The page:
F1 2020 plays really well with a wheel, once it is configured properly. Unfortunately, much like F1 2018 and F1 2019, the default settings for the Thrustmaster TMX and T150 don't do the game justice. The steering angle, in particular, needs to be set properly for the game to be even playable. The force feedback is overly strong and feels fairly dead, but can be improved a lot with the right settings, giving a much better driving experience.
A lot of people mistakenly believe that maximizing the force feedback settings means the force feedback is more "realistic." This is not true on any wheel, but especially weaker, lower end wheels. The purpose of the force feedback is to give you information about the track surface and how much grip the tires have. Much of this information would be felt through g-forces and the shaking of the car itself in real life. In a simulated game, however, all we have is the wheel itself, so we have to make concessions to realism to get more information to the player. Lowering the strength of the big forces allows the wheel to still give important information about the track when you are in a high speed corner, for instance.
These settings are basically the same as the ones I used for F1 2019. It doesn't feel like much has changed in the force feedback system, which is fine, since it works very well. It seems the series is sticking with what works. It's not the greatest force feedback I've ever felt, but it works well enough.
Thrustmaster Control Panel Settings
The default steering angle in this game uses the full rotation of your wheel which is way too much for an F1 car. They typically have a maximum 360° rotation, meaning you can turn the wheel 180° to the left and 180° to the right. You could set this in the Thrustmaster Control Panel, but if you play a variety of games, it gets annoying having to change it every time you want to play a different game. I much prefer to set the steering angle in the game whenever possible, which is exactly what we will do for F1 2020.
|Rotation||900° (TMX) 1080° (T150)|
|Overall Strength of all forces||100%|
|Auto-Center||by the game|
The Damper applies a constant dampening effect (on top of any in-game settings), making the wheel feel heavy. On lower-end wheels, there is plenty of natural dampening in the wheel mechanism itself. (Dampening is used on higher-end wheels to solve oscillation problems.)
The Spring force constantly pulls the wheel back to the center, but, unlike the Damper, it is completely controlled by the game, just like the Constant and Periodic forces. Most games don't use the Spring force at all (their native physics simulations do this already), so it actually doesn't matter what the value is set to in the Control Panel.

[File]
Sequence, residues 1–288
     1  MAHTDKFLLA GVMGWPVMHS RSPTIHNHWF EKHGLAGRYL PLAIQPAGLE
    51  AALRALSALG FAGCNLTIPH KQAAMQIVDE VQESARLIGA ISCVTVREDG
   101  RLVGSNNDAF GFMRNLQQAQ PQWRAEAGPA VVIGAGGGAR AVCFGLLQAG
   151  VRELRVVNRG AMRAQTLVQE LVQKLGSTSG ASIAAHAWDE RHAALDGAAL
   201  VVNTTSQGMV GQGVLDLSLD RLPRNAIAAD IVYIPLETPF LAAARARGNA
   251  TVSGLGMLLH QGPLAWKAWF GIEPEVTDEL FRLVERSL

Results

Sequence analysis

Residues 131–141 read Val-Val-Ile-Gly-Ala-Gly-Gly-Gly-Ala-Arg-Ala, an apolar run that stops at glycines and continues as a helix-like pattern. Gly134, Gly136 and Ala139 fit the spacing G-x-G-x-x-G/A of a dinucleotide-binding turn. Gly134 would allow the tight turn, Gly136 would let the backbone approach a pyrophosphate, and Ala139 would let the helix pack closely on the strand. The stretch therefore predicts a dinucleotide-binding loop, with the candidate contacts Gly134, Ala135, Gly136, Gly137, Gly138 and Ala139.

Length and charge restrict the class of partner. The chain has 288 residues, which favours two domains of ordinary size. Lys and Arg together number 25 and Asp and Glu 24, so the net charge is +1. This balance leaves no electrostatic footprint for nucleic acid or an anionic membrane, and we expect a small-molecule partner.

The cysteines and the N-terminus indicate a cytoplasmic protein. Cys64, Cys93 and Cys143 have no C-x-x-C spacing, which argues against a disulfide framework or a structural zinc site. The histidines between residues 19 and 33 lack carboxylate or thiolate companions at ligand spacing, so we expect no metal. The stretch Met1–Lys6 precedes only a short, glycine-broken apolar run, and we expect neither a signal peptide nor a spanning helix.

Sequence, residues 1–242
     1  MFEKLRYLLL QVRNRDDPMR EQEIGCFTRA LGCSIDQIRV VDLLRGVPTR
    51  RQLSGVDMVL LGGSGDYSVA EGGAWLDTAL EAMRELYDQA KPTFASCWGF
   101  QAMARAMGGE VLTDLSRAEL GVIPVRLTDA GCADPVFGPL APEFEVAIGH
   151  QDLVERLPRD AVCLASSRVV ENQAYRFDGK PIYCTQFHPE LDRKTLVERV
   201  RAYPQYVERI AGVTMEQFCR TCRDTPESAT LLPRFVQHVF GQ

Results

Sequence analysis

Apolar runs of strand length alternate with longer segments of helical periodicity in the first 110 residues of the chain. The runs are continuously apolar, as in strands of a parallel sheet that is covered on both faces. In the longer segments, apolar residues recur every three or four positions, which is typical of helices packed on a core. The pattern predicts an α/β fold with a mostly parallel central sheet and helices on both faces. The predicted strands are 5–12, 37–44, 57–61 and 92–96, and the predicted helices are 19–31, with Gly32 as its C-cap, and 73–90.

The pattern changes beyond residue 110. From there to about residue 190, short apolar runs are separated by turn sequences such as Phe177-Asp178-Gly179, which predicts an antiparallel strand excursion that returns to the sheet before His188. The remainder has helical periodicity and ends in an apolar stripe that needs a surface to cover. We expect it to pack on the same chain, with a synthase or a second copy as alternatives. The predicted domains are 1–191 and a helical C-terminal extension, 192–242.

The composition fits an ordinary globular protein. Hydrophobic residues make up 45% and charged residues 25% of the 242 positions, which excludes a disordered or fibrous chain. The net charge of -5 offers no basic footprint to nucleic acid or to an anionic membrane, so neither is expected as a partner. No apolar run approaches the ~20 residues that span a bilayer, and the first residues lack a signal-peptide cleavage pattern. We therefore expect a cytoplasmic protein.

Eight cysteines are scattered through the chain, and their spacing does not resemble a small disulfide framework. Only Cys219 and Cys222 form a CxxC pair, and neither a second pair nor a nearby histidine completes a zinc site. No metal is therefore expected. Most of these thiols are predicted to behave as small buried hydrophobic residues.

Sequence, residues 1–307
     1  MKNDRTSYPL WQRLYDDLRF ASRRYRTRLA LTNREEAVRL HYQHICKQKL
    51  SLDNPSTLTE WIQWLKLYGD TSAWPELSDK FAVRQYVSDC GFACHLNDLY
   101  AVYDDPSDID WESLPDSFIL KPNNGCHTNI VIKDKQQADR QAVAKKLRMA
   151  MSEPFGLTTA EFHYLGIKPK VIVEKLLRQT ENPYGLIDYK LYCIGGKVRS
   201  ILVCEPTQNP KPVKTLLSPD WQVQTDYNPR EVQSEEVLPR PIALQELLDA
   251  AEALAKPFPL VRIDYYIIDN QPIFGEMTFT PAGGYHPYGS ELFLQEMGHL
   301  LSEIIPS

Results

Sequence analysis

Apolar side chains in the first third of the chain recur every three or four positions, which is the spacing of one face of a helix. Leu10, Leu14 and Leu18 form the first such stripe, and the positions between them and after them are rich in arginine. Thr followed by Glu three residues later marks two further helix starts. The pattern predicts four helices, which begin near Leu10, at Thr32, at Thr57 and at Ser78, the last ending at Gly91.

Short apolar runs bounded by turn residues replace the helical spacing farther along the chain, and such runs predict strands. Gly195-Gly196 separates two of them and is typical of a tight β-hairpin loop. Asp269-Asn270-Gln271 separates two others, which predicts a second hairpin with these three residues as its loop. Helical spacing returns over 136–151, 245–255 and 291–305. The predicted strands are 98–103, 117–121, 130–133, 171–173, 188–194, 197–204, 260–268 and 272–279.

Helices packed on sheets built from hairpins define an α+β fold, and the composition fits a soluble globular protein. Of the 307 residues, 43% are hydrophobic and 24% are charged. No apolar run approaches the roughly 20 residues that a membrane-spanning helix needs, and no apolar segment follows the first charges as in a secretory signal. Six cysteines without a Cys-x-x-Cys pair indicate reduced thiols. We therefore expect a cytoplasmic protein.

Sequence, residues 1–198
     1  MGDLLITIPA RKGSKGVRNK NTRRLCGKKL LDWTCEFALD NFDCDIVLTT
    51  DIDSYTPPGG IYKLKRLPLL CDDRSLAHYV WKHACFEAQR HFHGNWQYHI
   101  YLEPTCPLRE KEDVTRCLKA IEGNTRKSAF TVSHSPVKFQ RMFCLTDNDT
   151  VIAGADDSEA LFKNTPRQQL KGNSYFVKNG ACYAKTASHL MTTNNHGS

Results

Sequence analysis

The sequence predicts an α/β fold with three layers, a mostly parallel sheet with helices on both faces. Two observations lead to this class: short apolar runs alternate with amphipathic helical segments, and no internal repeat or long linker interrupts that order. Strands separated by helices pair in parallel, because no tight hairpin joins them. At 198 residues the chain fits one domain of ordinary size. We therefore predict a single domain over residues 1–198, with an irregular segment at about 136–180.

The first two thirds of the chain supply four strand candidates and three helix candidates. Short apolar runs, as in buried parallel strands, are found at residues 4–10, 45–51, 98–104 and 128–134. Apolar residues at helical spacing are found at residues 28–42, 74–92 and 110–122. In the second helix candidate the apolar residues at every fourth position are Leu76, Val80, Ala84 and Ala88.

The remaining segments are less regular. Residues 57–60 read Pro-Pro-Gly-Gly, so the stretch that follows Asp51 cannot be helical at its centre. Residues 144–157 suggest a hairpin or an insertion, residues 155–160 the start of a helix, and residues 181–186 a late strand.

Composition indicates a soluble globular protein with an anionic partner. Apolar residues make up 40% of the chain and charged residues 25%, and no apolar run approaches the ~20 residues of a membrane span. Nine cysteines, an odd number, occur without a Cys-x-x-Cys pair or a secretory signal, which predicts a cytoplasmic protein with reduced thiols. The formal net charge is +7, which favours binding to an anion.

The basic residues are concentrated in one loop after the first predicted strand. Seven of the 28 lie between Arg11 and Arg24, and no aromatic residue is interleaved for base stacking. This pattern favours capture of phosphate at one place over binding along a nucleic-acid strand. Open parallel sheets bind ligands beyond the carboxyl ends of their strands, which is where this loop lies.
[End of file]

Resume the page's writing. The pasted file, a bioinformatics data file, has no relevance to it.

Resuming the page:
I leave the Spring force on in the Control Panel, making the in-game settings the only factor controlling the force feedback. This makes the settings consistent across all games and prevents confusion in the few games that use it about why a FFB setting seems to have no effect.
F1 2020 Settings
In Game Options > Settings > Controls, Vibration & Force Feedback > Thrustmaster TMX / T150 > Calibration:
|Steering Saturation||84 (TMX) 100 (T150)|
The steering angle is controlled by the Steering Saturation and Steering Linearity settings. To get a 360° rotation angle, turn the wheel 180° to the left and raise the Steering Saturation until the turn angle at the bottom of the screen is 100.
I raise the Steering Linearity to make the wheel less sensitive when the wheel is centered. When you raise the linearity, you also need to raise the saturation to maintain the 360° rotation angle. The linearity is really a matter of personal preference, so you may need to adjust this. Just remember to adjust the Steering Saturation if you do.
In Game Options > Settings > Controls, Vibration & Force Feedback > Thrustmaster TMX / T150 > Vibration & Force Feedback:
|Vibration & Force Feedback||On|
|Vibration & Force Feedback Strength||50|
|On Track Effects||35|
|Off Track Effects||40|
Vibration & Force Feedback Strength is the overall strength of the force feedback. Raising it too much starts to overwhelm the wheel, making the wheel feel heavy and lifeless. I find the range of 45-50 works best.
On Track Effects is the vibrations felt based on the track surface.
Rumblestrip Effects is the vibration felt when running over a kerb.
Off Track Effects is the vibration felt when you leave the track.
Wheel Damper makes the wheel feel heavier and is unnecessary on these wheels.
Understeer Enhance drastically lightens the wheel when you start to understeer. I find this more distracting than anything. The wheel lightens so much when you start to understeer that it feels more like the wheel is broken rather than something that is happening to the car.
I raise the Rumblestrip and Off Track effects quite a bit, but that is more personal preference than anything. You can certainly turn those down if you don't like them.
With the steering angle set correctly and the force feedback set properly, the game feels really good on these lower end wheels. I still think it's ridiculous how difficult it is to set the proper steering angle. At least it's consistent across the series, I suppose. If you have a VR headset, you may be interested to know that F1 2020 works surprisingly well in VR using VorpX.
Let me know if you have any questions or comments.